Climate

This Young Climate Activist Has Her Hands in the Soil and Her Eyes on the Future

Published by
Twilight Greenaway

A version of this article originally appeared in the October issue of the Deep Dish, our monthly newsletter for members. Become a member today to receive the next issue.

Young climate activists have done an impressive job of claiming the spotlight and making their voices heard in recent years—and for good reason: The climate crisis is already impacting their lives and shaping their futures.

In Uganda, 23-year-old activist Vanessa Nakate has urged world leaders to leave the oil in the ground as a way to safeguard food and water supplies in Africa, the continent most vulnerable to climate change. In Canada, 17-year-old Anishinaabe activist Autumn Peltier has fought for clean water for First Nation communities and has made “We can’t eat money and we can’t drink oil” her catchphrase. And Greta Thunberg—whose Fridays for Future campaign has helped embolden youth across the globe and points to farmer suicides due to rising climate strife as reason to strike—worked with Mercy for Animals on a video that reached 1.5 million people, imploring her audience to look critically at large-scale animal agriculture and eat plant-based diets.

But here in the U.S., aside from the Sunrise Movement’s focus on the Green New Deal and its brief mention of agriculture, few young activists appear to be drawing a direct line between the climate crisis and the food system.

That’s what makes Ollie Perrault one to watch. The 15-year-old activist is growing up on an organic community supported agriculture (CSA) farm in western Massachusetts, where she and her family have spent the last two years responding to extreme weather. In June and July 2021, the farm saw 16 inches of rain—“more rain in the first two months of harvesting than we normally get in an entire season,” recalls Perrault. “And then this year, we experienced a level-three emergency drought throughout most of the summer.”

At age 11, Perrault attended a Youth Climate Summit through Mass Audubon’s Youth Climate Leadership Program that catalyzed a shift in her worldview. “I realized that if I want a shot at a livable future, and if I want a future for my family’s farm, I need to act, I need to get involved, and take a leadership role in my community,” she says.

Perrault, who has been home-schooling since second grade, has spent the last few years focusing much of her energy on climate activism—a kind of full-time version of a Thunberg school strike. Then, last year, she founded her own local organization, Youth Climate Action Now, which her parents see as a key element of her education. The entirely youth-led group fluctuates from seven to 20 members, depending on the meeting, and it is focused on organizing, building power, and providing a place for youth to commiserate about what it’s like to grow up in the face of a massive global crisis.

“I realized that if I want a shot at a livable future, and if I want a future for my family’s farm, I need to act, I need to get involved, and take a leadership role in my community.”

“We were looking for a space to be loud, and a space to let others know that we are angry and that our anger is powerful,” says Perrault. “We wanted to make a ruckus, spark social change, and feel accepted and safe while doing so. Also, we wanted to feel like we had a community of other young people who have our backs.”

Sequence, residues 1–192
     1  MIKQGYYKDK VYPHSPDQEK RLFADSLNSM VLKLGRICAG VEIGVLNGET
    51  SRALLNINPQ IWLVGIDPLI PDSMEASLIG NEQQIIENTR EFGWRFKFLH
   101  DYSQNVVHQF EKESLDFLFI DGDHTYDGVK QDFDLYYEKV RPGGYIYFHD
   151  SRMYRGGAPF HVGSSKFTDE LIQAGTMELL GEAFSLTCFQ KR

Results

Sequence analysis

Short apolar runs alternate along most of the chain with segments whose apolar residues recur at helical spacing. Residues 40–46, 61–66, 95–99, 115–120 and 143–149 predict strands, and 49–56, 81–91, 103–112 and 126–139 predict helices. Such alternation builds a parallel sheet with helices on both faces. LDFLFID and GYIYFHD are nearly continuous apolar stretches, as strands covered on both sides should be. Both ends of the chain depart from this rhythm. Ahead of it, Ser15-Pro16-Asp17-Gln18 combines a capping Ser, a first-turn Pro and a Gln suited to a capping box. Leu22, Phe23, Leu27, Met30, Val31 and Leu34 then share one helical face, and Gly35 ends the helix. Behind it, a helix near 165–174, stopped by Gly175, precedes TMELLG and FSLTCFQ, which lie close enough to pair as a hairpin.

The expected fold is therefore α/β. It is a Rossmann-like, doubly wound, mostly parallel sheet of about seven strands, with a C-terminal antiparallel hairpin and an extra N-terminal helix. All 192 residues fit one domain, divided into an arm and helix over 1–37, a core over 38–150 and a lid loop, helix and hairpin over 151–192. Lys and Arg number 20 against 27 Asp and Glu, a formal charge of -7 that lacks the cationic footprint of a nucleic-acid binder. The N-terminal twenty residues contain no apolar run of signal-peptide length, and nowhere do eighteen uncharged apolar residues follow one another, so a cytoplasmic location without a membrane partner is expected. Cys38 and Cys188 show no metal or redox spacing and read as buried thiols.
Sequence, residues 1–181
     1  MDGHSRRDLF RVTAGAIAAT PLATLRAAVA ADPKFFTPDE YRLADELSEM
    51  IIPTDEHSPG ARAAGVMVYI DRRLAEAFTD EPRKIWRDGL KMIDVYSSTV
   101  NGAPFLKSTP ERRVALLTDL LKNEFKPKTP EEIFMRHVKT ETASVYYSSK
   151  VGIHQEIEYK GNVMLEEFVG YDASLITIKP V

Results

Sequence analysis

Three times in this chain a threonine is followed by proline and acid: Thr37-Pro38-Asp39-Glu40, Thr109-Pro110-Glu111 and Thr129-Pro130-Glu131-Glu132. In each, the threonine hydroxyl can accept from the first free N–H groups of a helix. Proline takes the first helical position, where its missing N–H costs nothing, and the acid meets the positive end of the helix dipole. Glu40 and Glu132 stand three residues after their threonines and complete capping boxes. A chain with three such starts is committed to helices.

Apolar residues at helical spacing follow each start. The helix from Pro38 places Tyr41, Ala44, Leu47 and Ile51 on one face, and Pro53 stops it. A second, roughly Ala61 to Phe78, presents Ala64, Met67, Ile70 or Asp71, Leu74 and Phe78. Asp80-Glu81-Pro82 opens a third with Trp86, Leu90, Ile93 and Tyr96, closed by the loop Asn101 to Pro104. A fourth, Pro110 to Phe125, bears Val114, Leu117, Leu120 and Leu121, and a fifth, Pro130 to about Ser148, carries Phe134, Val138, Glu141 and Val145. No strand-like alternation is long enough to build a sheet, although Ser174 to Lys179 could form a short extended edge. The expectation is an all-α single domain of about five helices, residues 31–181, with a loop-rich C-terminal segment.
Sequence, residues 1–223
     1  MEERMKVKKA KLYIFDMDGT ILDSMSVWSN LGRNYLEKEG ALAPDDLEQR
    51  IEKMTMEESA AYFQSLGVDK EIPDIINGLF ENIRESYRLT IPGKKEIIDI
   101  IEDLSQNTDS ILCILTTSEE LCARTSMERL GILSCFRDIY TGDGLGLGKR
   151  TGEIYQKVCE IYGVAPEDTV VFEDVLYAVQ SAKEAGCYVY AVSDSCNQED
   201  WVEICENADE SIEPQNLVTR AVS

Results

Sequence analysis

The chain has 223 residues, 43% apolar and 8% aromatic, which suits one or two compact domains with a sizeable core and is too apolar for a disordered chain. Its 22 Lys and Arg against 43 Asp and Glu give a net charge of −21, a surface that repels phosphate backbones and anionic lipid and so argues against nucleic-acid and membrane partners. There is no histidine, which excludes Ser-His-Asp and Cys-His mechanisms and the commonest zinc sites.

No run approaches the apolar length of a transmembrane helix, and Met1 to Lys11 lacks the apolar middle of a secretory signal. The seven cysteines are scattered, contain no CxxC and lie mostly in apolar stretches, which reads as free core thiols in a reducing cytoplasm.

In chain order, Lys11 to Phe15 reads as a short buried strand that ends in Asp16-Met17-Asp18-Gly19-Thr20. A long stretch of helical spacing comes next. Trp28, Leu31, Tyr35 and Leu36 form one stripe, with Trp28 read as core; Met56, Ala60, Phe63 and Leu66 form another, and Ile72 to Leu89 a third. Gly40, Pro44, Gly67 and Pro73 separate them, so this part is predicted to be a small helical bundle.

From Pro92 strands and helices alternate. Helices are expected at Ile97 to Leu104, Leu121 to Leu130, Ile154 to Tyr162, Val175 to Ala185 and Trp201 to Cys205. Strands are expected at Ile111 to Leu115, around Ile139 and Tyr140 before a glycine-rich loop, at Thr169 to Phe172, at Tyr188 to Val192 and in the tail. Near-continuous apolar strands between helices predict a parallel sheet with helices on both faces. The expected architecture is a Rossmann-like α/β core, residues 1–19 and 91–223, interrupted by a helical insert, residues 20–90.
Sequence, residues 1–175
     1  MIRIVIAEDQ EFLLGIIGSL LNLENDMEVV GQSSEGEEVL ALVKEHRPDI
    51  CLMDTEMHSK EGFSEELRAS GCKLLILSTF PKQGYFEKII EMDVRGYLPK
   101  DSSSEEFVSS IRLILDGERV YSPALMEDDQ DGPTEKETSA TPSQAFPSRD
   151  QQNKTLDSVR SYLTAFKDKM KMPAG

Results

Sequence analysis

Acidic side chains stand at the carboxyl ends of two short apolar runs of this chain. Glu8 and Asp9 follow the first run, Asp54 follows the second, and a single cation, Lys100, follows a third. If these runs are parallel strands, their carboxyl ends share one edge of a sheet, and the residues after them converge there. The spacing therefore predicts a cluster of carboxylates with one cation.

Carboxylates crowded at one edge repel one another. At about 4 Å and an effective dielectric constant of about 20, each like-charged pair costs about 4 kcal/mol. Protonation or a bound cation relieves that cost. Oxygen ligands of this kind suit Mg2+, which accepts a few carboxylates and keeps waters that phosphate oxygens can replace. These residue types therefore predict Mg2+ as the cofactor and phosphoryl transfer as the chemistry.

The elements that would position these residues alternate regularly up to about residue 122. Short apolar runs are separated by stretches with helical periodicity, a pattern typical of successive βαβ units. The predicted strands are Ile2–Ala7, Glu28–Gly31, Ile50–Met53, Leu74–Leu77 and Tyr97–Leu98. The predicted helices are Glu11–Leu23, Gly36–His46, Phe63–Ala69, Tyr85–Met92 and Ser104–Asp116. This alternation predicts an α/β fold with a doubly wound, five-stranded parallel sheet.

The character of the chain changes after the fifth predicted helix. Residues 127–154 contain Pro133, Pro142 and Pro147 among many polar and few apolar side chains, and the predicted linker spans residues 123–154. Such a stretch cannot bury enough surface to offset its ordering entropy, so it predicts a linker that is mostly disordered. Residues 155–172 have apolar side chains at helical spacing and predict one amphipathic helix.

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And while her group is focusing on influencing state-level legislation, supporting local farms in the region, and building a composting program, its members are also clear that they want the adults around them to start thinking big and finding ways to work toward radical systems-level change.

Their thinking aligns with a recent journal paper written by 23 youth climate activists about their hopes and feelings at this pivotal moment. Young people “are often unfairly portrayed as the world’s ultimate saviors” and “seldom given platforms by their governments or corporations to share their ideas, feelings, and hopes,” the paper reads. However, it adds, “their creativity and unique perspectives, along with their limited vested interest in the status quo, mean they can be catalytic in helping societies to mitigate and adapt to the climate crisis.”

Between farm work and homework, Perrault is still learning about the finer points of things like carbon sequestration, but points to agriculture’s sizable contribution to climate change, as well as the potential solutions it can bring if done right. “I really believe that agriculture can present a solution to the climate crisis,” she said. “It should be an integral part of our steps to move forward toward energy efficiency, carbon sequestration, eating locally, composting, etc.—there are so many levels of change that can come through working with sustainable agriculture.”

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Twilight Greenaway

Twilight Greenaway is Civil Eats' senior editor and former managing editor. Her articles about food and farming have appeared in The New York Times, NPR.org, The Guardian, Food and Wine, Gastronomica, and Grist, among other. See more at TwilightGreenaway.com. Follow her on Twitter.

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Twilight Greenaway

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